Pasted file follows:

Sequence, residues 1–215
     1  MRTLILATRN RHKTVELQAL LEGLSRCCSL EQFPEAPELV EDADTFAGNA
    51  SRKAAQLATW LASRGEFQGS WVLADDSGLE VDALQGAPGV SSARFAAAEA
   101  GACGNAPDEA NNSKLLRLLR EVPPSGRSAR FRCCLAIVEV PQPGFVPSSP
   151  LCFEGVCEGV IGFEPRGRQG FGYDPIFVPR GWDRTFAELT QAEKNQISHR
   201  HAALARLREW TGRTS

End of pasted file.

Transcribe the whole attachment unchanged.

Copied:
Sequence, residues 1–215
     1  MRTLILATRN RHKTVELQAL LEGLSRCCSL EQFPEAPELV EDADTFAGNA
    51  SRKAAQLATW LASRGEFQGS WVLADDSGLE VDALQGAPGV SSARFAAAEA
   101  GACGNAPDEA NNSKLLRLLR EVPPSGRSAR FRCCLAIVEV PQPGFVPSSP
   151  LCFEGVCEGV IGFEPRGRQG FGYDPIFVPR GWDRTFAELT QAEKNQISHR
   201  HAALARLREW TGRTS